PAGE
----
A US government report has found that Iraqi Prime Minister Nuri Al Maliki's government is plagued by corruption and has quashed investigations of political allies, National Public Radio reported.
The draft report from the US embassy in Baghdad says Maliki's government is failing to stop officials from committing fraud and is undermining its own watchdog agency, preventing it from carrying out effective investigations, NPR reported on air and on its website.
The government has withheld funds from the commission on public integrity, the country's anti-corruption agency, and in some cases the prime minister's office has quashed probes into politicians allied with the government, NPR said.
Some ministries, such as the interior ministry, "are seen as untouchable because of their political connections to the government," NPR correspondent Corey Flintoff said from Baghdad.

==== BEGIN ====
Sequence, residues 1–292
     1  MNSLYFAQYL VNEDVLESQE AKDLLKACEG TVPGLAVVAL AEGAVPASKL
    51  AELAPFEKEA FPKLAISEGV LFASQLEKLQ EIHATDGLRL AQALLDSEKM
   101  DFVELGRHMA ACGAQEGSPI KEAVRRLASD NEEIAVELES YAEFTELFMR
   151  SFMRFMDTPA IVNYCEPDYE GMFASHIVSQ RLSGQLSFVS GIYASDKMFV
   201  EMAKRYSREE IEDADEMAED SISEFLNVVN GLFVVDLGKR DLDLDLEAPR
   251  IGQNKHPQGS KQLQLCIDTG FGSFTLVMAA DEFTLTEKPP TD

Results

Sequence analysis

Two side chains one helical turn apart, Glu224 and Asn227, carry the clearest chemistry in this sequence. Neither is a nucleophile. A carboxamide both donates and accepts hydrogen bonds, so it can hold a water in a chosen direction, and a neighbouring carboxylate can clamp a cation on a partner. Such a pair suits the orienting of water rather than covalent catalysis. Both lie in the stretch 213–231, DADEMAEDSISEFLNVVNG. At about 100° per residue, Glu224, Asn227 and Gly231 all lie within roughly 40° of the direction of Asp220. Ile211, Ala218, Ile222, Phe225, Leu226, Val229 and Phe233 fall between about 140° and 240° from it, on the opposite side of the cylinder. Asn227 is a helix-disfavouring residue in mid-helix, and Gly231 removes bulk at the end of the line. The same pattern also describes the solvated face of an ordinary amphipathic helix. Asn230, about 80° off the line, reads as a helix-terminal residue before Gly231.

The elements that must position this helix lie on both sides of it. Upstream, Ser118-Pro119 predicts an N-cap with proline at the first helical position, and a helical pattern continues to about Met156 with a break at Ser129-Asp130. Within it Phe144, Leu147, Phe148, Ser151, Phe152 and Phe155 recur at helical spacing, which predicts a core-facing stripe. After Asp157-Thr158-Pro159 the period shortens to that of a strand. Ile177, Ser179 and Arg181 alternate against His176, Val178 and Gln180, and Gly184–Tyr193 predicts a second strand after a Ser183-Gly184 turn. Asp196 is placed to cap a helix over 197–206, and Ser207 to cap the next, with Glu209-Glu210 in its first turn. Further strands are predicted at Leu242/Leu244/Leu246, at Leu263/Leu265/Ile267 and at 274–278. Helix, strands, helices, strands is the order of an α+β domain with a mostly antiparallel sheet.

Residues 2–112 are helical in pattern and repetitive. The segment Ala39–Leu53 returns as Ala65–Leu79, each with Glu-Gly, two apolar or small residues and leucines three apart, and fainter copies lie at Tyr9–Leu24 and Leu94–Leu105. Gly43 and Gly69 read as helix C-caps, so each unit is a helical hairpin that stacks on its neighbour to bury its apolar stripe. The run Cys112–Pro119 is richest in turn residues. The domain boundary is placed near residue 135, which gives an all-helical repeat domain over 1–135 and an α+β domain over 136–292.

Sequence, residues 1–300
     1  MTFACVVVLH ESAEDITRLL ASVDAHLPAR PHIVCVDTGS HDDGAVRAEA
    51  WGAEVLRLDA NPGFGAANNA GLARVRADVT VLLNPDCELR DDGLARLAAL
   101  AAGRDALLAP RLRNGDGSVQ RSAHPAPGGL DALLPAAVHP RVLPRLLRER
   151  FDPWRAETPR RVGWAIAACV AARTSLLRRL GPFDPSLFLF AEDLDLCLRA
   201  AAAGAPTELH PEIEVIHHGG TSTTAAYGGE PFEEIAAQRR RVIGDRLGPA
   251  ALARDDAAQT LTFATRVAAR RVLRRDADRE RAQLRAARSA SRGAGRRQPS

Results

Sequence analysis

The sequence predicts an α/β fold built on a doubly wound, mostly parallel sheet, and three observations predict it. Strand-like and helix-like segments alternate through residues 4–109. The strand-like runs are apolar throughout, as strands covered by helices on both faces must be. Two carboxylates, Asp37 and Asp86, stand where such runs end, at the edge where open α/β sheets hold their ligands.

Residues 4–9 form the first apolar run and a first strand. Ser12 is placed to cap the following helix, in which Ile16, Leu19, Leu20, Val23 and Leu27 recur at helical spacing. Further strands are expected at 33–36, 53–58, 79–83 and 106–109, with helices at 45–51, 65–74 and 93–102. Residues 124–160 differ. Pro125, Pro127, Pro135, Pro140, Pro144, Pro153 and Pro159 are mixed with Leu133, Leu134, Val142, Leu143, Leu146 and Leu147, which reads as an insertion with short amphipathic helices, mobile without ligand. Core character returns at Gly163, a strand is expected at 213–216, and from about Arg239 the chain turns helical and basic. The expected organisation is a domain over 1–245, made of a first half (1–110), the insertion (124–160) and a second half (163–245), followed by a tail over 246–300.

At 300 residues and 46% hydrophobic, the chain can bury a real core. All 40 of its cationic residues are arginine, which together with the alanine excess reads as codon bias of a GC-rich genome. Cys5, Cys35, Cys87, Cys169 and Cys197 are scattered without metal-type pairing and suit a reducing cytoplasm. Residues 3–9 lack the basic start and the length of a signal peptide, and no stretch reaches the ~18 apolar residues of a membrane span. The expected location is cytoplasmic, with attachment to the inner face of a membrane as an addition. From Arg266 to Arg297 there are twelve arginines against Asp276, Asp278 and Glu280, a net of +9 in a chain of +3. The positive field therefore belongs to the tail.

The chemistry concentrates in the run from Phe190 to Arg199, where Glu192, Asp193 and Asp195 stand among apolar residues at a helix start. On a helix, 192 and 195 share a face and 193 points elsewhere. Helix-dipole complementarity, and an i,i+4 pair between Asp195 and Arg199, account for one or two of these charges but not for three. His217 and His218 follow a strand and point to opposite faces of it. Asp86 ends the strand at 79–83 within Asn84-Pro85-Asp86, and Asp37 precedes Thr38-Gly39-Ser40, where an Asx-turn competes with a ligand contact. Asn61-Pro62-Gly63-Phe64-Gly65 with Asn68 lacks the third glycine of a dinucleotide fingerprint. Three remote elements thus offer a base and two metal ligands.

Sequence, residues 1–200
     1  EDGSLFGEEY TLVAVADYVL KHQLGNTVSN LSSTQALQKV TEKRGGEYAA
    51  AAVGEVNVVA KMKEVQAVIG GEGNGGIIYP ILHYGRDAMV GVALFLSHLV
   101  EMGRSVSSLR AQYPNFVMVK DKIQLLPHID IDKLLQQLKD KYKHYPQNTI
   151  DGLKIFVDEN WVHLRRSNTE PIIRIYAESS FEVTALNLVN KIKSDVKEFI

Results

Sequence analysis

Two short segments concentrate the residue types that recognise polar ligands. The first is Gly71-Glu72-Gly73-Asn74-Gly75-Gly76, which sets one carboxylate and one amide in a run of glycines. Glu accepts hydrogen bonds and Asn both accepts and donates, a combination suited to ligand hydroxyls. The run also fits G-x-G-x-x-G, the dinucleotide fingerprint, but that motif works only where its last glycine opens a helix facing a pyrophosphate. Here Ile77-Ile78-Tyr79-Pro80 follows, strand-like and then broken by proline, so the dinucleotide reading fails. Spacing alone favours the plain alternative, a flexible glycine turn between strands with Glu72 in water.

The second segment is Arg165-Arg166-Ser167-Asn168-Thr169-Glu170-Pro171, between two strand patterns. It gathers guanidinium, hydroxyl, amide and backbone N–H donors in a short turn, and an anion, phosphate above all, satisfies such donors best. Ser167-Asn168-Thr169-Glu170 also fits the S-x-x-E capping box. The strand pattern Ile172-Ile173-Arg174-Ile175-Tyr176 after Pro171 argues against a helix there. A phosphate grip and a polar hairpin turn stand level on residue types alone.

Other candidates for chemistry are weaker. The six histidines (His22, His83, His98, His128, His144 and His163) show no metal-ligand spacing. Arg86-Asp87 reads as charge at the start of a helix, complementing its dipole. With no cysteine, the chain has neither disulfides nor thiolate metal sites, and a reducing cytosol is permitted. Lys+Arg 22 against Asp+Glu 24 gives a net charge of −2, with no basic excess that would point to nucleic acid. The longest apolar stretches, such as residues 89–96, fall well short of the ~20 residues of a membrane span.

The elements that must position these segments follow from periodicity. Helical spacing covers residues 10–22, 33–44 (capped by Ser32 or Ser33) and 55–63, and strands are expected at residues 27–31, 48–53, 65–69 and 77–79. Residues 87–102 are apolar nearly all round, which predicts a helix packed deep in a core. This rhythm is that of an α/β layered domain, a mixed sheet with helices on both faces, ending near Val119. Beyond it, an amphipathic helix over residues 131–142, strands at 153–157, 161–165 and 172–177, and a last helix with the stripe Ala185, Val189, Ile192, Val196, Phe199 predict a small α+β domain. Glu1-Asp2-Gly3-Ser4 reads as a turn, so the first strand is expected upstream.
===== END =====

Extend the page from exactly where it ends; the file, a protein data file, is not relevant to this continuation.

The US report and accounts from employees at government ministries give the impression "that corruption is completely sapping the country's resources," with top officials at the interior ministry profiting from contracts for equipment, Flintoff said on NPR's program "All Things Considered."
The report recommends the State Department provide more support to the Iraqi watchdog agency, including using US forces to protect the agency's staff, some of whom have been murdered on the job, NPR said.
The Iraqi investigators should be allowed to carry weapons and their families should receive police protection, the US government report also said.
NPR said the report was "sensitive" but not classified.
An embassy official told NPR the report was still in draft form and that there was some question about the reliability of some of the sources cited in it.
Last Mod: 02 Eylül 2007, 14:57